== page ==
Occasionally science bloggers make it to the mainstream. I’ve been too busy lately to bring this news to you sooner but one of my favourite crowds of science bloggers have cornered space at British newspaper stawart The Guardian’s website.
Occam’s Typewriter clearly takes part of it’s name from the well-known principle of parsimony, Occam’s Razor. One of the things that drew me to OT, as it’s known to it’s regulars, is their tendency to mostly write about the daily life of science, the things impinging on science, rather than ‘explainers’, popular science articles or tilting at the latest nonsense.
Don’t get me wrong, all those things have their place and I like them too. (After all, I write a fair bit of those!) But it’s lovely to have a more gently-paced place to go and discuss things that I guess we can call ‘daily issues’. The sort of thing you might amble down to the local and share over a pint or two.
Featuring at the Guardian now is a group blog, Occam’s Corner, the newsprint corner stand of Occam’s Typewriter. Those who’ve been to London will know what I mean.
Early efforts include:
Mars Curiosity: There’s nothing like a nuclear tweet to get people talking (Stephen Curry: What do Curiosity, the Hiroshima bomb, Brian Cox and a bunch of scientists and ex-scientists under the moniker ‘Occam’s Typewriter’ have in common?)
Found in translation: where do cures come from? (Jennifer Rohn: What’s the best way of doing research? Throwing money at bright minds or trying to solve a particular problem? Or is there a third way?)
A-level results not up to scratch? There are many paths into science (Erika Cule: If you’re worried about A-level results, it’s worth remembering that the ‘non-standard’ career path into higher education is more standard than you might think)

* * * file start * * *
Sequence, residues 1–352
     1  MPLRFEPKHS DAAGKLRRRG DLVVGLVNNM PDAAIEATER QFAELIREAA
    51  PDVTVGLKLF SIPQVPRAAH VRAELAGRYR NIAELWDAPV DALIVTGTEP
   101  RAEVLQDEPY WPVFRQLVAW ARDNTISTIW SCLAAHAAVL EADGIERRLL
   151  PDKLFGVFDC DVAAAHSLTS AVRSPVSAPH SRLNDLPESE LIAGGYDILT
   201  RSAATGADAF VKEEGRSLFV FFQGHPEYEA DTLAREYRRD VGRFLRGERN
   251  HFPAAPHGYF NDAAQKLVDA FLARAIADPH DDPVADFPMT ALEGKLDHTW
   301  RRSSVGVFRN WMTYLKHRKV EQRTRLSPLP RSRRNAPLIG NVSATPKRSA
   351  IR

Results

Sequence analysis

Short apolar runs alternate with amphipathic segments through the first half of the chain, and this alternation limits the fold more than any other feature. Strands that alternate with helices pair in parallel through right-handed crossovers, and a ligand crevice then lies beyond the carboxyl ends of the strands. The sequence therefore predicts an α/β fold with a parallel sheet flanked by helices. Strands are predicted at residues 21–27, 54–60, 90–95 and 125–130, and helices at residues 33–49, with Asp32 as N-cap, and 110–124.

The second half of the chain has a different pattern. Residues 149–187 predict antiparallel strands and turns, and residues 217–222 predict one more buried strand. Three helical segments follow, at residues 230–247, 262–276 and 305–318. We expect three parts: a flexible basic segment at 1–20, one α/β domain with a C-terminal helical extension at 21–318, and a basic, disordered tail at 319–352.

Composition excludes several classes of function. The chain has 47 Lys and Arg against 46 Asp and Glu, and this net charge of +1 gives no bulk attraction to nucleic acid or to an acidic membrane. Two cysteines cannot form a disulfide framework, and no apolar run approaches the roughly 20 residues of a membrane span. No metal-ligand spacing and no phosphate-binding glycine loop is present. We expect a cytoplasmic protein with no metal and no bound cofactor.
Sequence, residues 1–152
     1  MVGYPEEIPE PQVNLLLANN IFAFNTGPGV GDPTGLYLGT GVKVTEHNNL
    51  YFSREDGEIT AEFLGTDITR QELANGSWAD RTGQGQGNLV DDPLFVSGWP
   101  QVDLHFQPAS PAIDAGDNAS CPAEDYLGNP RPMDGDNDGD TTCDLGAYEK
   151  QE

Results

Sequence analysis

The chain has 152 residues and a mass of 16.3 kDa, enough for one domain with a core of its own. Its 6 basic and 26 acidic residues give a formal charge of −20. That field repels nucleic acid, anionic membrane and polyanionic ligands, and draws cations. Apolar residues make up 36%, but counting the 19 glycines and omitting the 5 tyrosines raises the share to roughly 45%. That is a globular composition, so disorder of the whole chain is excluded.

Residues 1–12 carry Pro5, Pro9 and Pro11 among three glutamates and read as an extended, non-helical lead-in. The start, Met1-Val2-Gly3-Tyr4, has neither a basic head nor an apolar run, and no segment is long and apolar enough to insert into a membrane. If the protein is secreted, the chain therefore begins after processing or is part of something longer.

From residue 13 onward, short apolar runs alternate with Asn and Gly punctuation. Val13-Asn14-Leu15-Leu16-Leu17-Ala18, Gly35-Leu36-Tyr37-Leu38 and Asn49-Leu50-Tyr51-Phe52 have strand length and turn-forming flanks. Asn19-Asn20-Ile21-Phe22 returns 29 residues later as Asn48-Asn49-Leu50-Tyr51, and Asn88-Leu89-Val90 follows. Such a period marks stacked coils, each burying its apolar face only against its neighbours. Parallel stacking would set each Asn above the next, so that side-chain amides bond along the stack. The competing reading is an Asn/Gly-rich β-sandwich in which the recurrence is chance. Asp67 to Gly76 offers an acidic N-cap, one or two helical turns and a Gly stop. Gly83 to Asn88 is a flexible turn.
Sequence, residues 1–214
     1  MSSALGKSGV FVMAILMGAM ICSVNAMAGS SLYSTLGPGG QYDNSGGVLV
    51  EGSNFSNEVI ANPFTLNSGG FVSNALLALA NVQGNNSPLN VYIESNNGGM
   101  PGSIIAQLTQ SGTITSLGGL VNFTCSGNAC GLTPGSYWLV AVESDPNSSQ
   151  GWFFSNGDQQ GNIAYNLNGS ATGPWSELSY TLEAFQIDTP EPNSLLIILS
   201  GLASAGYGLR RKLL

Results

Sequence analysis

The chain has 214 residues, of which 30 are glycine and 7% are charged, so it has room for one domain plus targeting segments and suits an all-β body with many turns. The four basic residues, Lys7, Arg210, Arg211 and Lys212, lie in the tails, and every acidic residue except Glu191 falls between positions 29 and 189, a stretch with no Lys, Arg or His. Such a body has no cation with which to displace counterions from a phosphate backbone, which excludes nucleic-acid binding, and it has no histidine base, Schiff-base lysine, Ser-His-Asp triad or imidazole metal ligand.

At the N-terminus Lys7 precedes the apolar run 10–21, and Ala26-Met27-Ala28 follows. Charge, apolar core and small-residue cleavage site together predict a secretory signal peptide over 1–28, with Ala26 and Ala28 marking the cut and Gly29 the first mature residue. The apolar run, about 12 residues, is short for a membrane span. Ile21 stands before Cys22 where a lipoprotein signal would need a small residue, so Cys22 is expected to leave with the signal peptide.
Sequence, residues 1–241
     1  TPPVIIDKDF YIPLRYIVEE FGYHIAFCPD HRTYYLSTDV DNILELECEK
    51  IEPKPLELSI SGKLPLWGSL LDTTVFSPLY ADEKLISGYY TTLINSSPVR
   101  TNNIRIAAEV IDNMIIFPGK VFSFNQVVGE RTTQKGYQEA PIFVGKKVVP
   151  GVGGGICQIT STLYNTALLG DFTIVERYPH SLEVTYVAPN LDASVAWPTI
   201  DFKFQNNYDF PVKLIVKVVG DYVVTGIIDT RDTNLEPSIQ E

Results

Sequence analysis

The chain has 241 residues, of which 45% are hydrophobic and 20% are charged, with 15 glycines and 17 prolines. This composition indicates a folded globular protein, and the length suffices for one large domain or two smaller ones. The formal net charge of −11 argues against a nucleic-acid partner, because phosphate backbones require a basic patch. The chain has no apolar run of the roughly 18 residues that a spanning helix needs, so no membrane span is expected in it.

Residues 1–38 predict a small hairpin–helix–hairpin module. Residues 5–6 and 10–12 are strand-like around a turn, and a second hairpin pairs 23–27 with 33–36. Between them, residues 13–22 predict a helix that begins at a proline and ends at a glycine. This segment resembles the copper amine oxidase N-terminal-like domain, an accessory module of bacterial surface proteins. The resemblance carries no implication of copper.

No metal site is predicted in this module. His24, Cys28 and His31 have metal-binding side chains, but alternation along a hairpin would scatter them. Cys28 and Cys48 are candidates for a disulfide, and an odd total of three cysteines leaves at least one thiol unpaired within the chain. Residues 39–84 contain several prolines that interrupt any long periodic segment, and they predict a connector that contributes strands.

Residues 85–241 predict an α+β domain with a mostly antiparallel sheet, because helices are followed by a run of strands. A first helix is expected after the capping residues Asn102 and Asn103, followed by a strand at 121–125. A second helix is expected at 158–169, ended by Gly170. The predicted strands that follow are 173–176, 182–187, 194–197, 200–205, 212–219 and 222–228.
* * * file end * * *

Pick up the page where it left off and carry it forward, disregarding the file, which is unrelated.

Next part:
Where physics meets biology (Anthene Donald: Although science is often taught as if the disciplines were clearly separated, exciting things can happen when the boundaries blur)
How generous is the science budget, really? (Richard Grant: The numbers the government doesn’t want you to see)
The unsung heroes behind those big genomics breakthroughs (Richard Wintle: Sometimes the best way to do an experiment is to have someone else do it for you)
It’s great to see a little crowd of science bloggers poke their heads up in one of the major newspaper websites.
Head on over and check it out.
1. When I meet Stephen in London, he said that approach was intentional. I had meant to ask what lay behind that, but our conversation went in another direction. Whatever the case, it makes it a nice place to hang out on-line.
2. I know I will, I’m a little behind on what they’ve been up to over there!
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